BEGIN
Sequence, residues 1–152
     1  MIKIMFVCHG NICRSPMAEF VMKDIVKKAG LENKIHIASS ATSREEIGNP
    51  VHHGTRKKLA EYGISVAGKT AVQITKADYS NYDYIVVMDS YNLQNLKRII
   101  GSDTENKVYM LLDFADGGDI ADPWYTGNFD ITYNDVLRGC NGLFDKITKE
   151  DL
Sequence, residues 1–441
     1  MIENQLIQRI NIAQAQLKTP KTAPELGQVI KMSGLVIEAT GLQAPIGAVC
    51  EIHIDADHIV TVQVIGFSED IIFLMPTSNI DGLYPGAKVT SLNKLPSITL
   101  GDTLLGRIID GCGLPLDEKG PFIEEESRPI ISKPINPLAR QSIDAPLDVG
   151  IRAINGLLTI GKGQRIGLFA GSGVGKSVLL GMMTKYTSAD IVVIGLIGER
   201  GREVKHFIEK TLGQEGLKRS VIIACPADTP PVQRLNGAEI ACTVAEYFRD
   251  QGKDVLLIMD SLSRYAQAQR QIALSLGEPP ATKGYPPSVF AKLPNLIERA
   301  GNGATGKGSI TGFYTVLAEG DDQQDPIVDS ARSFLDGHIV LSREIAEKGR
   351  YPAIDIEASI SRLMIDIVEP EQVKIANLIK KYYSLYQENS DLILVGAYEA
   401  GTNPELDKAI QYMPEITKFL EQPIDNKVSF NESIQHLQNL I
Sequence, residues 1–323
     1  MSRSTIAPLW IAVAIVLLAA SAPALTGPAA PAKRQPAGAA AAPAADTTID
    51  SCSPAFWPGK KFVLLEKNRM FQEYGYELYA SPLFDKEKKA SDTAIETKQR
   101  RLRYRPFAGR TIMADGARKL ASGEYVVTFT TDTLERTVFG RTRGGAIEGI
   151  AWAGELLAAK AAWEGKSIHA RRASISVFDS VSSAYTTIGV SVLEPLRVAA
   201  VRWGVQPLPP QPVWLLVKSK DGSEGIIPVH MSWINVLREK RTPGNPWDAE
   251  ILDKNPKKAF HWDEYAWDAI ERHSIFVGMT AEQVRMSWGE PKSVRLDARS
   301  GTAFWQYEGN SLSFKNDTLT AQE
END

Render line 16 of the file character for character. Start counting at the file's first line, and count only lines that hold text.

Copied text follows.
Sequence, residues 1–323